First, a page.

Forests facing an uncertain future
Although climate change is already clearly under way, the many complicating factors make it hard to predict its ultimate scale, according to Professor Eero Nikinmaa of Helsinki University, who studies interactions between forests and the climate.Since warmer air can hold more moisture, the future may bring scarcer but heavier rains. In combination with longer intervening droughts this is very bad news. If forecasts are based on an average global temperature rise limited to two degrees – the target many hope will be set at the coming Copenhagen climate summit – this would mean an average warming in Finland’s latitudes of 4-5 degrees, with warming most pronounced during the coldest seasons.
Southern Finland will lose its traditional snowy winters, and in Northern Finland winter will start to loosen its icy grip much earlier.
“But rising trends in emissions over the last ten years have already exceeded the worst scenarios forecasted in the 1990s, and people have started talking about a possible rise in global temperatures of as much as five degrees,” Nikinmaa says.
Growing seasons to start sooner
Changing temperatures will alter the annual growth cycles of plants and trees. Tree growth begins and ends according to mechanisms triggered by temperatures and light conditions. "The growing season will undoubtedly lengthen. But the extreme natural variations in light conditions in the north won't change at all.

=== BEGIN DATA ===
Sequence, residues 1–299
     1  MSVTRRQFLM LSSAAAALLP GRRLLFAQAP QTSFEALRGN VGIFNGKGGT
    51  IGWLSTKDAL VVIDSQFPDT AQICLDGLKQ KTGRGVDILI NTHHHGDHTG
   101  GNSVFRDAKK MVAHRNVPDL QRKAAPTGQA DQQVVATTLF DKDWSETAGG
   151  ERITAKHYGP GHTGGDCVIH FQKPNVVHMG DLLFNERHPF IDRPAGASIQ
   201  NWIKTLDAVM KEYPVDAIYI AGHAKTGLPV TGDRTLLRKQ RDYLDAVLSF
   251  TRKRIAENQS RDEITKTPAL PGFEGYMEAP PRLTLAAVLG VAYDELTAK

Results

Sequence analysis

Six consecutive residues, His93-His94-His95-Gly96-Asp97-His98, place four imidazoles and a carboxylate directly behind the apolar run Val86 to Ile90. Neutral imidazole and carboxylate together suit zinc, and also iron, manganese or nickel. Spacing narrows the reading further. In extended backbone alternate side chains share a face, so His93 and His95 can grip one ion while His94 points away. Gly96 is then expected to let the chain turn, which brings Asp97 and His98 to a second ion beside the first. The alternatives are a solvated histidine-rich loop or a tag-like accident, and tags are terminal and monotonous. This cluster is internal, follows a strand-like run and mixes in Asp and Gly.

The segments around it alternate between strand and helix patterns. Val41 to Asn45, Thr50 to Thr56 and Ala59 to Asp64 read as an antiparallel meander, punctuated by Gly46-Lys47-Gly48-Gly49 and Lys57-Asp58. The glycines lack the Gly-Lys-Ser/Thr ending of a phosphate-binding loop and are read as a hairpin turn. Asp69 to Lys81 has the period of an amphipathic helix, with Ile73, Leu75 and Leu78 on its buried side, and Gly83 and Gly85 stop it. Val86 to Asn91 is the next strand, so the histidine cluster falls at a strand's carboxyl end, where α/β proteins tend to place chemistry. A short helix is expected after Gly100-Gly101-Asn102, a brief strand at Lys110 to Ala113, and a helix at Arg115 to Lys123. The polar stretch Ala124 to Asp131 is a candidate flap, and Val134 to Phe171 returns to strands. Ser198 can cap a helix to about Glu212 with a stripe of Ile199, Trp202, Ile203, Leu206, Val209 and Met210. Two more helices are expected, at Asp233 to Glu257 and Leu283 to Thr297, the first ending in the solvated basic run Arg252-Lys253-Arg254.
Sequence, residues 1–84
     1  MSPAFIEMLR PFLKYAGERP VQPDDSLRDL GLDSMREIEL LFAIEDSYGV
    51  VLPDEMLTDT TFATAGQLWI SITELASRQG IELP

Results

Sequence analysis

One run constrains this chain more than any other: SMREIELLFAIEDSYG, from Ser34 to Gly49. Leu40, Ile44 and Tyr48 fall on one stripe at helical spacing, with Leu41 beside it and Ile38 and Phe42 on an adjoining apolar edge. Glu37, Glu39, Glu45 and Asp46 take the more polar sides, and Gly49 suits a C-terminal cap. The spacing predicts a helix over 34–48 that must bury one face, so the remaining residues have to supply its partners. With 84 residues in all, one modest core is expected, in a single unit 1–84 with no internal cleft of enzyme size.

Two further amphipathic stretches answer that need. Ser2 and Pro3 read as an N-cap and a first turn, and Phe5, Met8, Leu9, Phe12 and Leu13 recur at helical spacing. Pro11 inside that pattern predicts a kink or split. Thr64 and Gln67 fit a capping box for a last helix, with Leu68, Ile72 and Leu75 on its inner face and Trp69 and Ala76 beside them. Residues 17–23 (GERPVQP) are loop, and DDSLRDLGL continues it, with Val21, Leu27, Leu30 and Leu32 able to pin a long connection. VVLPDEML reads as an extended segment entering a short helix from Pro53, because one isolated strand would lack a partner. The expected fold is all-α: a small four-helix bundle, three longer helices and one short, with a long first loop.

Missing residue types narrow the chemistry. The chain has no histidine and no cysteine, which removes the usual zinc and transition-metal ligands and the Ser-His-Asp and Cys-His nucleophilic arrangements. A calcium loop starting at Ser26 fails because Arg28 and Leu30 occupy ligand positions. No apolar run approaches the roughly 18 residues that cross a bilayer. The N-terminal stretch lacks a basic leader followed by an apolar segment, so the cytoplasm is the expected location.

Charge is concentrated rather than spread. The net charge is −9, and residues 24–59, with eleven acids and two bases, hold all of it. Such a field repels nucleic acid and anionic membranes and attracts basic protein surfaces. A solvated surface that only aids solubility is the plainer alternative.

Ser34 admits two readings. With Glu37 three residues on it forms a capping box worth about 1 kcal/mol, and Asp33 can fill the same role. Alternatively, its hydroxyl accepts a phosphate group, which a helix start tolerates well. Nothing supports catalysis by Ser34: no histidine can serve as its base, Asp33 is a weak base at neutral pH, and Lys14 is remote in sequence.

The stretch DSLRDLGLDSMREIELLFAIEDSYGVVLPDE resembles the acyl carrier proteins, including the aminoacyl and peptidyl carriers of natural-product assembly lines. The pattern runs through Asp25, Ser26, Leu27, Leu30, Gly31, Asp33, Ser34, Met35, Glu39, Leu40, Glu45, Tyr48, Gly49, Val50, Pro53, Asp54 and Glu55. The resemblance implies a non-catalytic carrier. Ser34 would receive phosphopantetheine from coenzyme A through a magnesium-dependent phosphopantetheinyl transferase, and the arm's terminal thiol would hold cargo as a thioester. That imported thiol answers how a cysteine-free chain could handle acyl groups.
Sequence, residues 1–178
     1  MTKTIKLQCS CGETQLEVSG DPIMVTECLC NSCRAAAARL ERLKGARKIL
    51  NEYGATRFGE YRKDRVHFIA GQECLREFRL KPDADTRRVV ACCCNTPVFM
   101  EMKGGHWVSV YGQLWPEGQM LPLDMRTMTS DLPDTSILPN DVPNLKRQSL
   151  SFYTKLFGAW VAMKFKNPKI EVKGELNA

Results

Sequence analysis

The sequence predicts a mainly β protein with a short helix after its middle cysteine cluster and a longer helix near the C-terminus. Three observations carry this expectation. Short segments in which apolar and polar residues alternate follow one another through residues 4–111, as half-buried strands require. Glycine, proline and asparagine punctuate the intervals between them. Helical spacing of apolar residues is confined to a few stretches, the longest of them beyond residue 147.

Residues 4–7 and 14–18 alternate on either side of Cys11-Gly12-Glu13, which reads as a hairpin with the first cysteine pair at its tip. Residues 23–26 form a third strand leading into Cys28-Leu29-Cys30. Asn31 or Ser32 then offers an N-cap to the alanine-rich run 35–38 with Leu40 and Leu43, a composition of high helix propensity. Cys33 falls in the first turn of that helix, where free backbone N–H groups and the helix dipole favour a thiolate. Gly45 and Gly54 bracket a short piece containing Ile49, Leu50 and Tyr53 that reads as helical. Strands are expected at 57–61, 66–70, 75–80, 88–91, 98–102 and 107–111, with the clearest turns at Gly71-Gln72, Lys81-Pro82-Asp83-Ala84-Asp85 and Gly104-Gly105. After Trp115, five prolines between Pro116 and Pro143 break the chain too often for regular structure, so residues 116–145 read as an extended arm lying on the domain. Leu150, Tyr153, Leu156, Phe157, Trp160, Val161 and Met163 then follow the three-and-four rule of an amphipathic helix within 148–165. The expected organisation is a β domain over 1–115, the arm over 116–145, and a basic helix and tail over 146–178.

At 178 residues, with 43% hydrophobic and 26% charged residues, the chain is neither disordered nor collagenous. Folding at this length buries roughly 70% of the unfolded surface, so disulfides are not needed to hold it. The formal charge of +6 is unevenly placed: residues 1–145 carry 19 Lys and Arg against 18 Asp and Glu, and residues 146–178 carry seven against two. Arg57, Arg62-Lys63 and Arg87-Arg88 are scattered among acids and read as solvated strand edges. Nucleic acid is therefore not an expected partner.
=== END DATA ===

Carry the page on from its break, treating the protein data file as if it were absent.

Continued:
Finland already has dark but mild autumns, with growth ending when light becomes insufficient. Forest growth rates in autumn are only about half the summer rates," explains Nikinmaa. In the springtime, climate change will contrastingly allow trees to exploit more light energy, when warmer temperatures make it possible for them to start growing sooner.
"Some signs that growth is commencing earlier can already be seen, such as the appearance of buds, and shifts in the tree line. But the greatest rises in temperatures have happened in the autumn, which does not increase trees' productivity. It does mean, however, that forests will release more carbon dioxide sooner."
Trees in competition
Within ecosystems, climate change affects the prospects of different species in diff erent ways, changing their ability to compete with other species. Versatile deciduous trees might benefi t more than coniferous species.
Pines may cope with droughts better than spruce trees, and maintain their dominance in many areas. The Norway spruce may be one of the losers, and some experts think it could even ultimately vanish from Southern Finland. Recent investments in the planting of young spruce stands might prove to be futile.
"So far tree varieties of local provenance have grown best in trials, since more southerly species are more sensitive to damage. But in future we will have to look harder to see whether spruce varieties originating from neighbouring regions such as Southern Sweden and the Baltic Countries might do well in Finland."
By Jussi-Pekka Aukia
Illustration by Vuokko Isoherranen